Although the assumptions of this analysis were based on the best available data, these data consisted of nonrandom samples and case notifications. This study was limited by reliance on self-reports of behavior from serial cross-sectional surveillance studies, which were based on self-administered questionnaires. Self-administration of surveys has been shown to reduce social desirability bias but is still not an ideal measure of actual risk [32–34]. Where possible, multiple prospective observational studies using varied methods and sampling techniques were also considered. The most crucial component of our analysis was the counterfactual assumption in the absence of NSPs. Studies conducted prior to the introduction of NSPs could not be used for this analysis due to their use of incomparable survey questions, however, the 70–90% levels of RSS reported in these studies provides an indication of high pre-NSP RSS levels in Australia. International studies provide some support for our counterfactual scenario [35–37]. Canada RSS recently increased from 10 to 23% following the closure of the only fixed NSP in the city of Victoria, but there was no change in RSS in Vancouver where NSPs remained open [38].

Although we incorporated uncertainty in parameter estimates where possible, many of the differences that exist between IDUs could not be captured in this population-based mathematical model. Our model did not include large heterogeneity, such as distinguishing current and former IDUs, and used weighted averages across the distributions of injecting frequencies. We believe the population-based model used in the current analysis is most appropriate for the data available and represents an advance over previous models of HIV and HCV among IDUs in Australia.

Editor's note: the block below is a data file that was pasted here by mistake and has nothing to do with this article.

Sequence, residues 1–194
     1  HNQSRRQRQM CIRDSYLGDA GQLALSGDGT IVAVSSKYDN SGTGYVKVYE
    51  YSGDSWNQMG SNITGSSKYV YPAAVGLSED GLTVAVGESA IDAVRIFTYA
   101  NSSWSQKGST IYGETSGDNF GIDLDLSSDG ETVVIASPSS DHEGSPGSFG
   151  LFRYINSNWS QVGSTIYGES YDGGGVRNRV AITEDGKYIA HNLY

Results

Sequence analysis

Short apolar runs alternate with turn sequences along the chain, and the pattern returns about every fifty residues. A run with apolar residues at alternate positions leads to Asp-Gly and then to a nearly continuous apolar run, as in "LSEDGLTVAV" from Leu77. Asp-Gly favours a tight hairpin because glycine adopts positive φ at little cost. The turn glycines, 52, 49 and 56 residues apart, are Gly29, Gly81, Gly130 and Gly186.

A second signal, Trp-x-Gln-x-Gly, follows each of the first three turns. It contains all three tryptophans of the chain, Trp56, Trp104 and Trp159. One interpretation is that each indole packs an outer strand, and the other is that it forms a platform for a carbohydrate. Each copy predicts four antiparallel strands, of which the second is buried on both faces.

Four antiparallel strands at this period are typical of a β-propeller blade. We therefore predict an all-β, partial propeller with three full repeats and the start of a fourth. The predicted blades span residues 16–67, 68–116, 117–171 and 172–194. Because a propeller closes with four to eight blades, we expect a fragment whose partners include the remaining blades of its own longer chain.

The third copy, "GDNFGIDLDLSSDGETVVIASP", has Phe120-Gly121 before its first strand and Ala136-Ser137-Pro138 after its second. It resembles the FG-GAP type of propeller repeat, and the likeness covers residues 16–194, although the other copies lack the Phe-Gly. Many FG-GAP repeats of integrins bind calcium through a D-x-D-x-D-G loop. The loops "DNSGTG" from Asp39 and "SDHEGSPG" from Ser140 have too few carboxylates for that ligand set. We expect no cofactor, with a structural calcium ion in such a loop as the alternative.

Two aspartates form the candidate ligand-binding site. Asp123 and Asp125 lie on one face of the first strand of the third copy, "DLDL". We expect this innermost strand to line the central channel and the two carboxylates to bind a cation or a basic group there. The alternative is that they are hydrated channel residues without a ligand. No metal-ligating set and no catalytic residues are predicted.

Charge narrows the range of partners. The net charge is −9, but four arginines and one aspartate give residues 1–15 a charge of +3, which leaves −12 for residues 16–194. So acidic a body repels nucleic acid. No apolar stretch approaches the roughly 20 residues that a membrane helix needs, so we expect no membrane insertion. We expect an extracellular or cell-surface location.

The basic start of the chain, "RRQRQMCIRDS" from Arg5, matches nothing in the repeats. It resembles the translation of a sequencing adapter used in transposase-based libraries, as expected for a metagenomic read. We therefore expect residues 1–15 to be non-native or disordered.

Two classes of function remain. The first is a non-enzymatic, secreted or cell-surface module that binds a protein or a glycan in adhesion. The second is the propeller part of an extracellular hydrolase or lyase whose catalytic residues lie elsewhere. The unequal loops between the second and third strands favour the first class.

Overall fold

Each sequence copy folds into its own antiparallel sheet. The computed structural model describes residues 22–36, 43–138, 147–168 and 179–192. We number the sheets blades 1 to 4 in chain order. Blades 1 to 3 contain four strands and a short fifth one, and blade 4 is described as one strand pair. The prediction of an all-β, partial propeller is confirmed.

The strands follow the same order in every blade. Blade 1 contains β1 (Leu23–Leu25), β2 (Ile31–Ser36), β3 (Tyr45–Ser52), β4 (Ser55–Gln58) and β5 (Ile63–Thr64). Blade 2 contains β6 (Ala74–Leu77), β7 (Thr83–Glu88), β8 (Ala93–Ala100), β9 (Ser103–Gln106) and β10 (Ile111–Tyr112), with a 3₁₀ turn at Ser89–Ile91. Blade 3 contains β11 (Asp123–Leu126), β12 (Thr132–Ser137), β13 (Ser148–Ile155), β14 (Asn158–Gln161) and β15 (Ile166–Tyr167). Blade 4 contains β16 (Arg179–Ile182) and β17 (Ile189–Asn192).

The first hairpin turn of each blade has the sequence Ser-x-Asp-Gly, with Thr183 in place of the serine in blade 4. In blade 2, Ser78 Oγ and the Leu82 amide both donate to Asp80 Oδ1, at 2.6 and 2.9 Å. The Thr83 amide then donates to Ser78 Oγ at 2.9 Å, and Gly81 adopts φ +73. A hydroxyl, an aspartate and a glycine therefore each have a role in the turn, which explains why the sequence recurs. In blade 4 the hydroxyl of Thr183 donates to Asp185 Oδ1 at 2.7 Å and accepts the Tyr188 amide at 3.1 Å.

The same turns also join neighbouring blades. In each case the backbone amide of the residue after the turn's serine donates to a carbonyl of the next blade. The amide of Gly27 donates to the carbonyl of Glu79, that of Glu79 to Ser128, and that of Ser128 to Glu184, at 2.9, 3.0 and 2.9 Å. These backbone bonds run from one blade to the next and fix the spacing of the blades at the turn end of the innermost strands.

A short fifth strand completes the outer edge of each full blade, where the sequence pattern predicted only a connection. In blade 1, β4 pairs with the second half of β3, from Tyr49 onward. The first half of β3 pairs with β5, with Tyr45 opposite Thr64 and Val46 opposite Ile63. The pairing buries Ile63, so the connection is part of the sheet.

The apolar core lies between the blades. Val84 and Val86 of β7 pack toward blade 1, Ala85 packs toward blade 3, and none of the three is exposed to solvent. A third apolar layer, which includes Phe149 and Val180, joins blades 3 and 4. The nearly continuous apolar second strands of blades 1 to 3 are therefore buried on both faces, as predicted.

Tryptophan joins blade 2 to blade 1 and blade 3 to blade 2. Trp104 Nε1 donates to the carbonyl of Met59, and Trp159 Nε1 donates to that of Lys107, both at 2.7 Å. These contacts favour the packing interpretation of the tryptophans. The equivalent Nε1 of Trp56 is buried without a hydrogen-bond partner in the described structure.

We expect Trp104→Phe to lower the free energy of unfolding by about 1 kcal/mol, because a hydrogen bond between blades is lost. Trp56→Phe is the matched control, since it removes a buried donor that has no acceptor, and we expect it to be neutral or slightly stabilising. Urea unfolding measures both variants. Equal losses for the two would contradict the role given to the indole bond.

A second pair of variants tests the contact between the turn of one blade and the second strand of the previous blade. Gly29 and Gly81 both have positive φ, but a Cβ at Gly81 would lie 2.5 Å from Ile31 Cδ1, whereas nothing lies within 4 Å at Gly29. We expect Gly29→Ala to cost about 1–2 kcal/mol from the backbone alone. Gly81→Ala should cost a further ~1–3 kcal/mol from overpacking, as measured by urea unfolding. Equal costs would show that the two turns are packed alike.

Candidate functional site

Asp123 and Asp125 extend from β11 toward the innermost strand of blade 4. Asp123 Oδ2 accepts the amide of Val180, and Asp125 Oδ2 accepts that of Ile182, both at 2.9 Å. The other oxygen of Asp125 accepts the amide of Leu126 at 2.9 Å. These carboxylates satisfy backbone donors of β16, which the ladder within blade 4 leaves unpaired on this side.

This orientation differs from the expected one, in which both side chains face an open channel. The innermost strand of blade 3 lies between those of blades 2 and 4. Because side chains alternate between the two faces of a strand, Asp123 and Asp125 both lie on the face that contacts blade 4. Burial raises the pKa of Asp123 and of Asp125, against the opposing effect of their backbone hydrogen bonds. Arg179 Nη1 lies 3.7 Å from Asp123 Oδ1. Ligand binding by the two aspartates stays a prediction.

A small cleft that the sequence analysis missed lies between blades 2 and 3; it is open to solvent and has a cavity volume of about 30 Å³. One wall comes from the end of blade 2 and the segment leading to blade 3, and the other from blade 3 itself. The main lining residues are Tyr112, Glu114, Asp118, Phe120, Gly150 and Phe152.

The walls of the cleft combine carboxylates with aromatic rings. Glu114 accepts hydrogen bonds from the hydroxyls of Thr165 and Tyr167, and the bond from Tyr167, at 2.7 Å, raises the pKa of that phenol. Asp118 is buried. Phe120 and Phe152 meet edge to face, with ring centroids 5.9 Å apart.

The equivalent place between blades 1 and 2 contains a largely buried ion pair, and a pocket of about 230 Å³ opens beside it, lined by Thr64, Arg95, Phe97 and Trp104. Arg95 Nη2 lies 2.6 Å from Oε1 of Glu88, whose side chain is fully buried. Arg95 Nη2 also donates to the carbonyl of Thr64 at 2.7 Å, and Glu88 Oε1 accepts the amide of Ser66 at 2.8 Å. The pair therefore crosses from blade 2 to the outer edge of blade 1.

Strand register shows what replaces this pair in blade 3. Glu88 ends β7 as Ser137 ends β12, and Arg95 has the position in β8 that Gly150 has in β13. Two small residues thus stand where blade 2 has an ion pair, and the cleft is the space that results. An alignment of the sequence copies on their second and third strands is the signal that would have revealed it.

This study used single estimates of HIV and HCV healthcare costs based on national medical benefits schemes. Ranges in utility weights were used to calculate uncertainties in QALYs. Conservatively, the model did not consider the increases in HCV costs that are likely to occur in the future associated with direct-acting antiviral therapy. As it is unlikely that HCV prevalence will decrease substantially over the next 10 years due to the impact of improved HCV treatment unless uptake is enormously enhanced, the increase in the costs should not affect the conclusions related to the cost-effectiveness of prevention programs.

Our model did not consider the reduction of RSS due to opioid substitution therapy, which has been associated with reductions in opiate use, mortality and the transmission of HIV [39]. However, as opioid substitution therapy is not an effective treatment for people who inject drugs other than opiates, its potential impact depends on the proportion of IDUs who inject opioids. During the period 2006–2010 in Australia, approximately 30% of IDUs injected opioids [4]. Studies have also shown that HCV transmission can be reduced when NSPs and opioid substitution therapy are delivered in combination [40].